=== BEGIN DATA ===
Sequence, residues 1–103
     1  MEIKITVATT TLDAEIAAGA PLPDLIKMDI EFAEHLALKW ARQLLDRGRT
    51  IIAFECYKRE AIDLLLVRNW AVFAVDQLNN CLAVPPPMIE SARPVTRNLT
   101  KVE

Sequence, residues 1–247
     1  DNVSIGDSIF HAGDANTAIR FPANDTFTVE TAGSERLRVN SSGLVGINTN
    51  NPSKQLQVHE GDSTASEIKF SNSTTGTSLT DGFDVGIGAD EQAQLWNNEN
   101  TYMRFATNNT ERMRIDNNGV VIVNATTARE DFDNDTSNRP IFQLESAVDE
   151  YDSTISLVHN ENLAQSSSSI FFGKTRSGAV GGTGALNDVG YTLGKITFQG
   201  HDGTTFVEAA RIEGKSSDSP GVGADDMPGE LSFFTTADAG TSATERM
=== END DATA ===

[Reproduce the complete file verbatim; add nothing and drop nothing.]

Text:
Sequence, residues 1–103
     1  MEIKITVATT TLDAEIAAGA PLPDLIKMDI EFAEHLALKW ARQLLDRGRT
    51  IIAFECYKRE AIDLLLVRNW AVFAVDQLNN CLAVPPPMIE SARPVTRNLT
   101  KVE

Sequence, residues 1–247
     1  DNVSIGDSIF HAGDANTAIR FPANDTFTVE TAGSERLRVN SSGLVGINTN
    51  NPSKQLQVHE GDSTASEIKF SNSTTGTSLT DGFDVGIGAD EQAQLWNNEN
   101  TYMRFATNNT ERMRIDNNGV VIVNATTARE DFDNDTSNRP IFQLESAVDE
   151  YDSTISLVHN ENLAQSSSSI FFGKTRSGAV GGTGALNDVG YTLGKITFQG
   201  HDGTTFVEAA RIEGKSSDSP GVGADDMPGE LSFFTTADAG TSATERM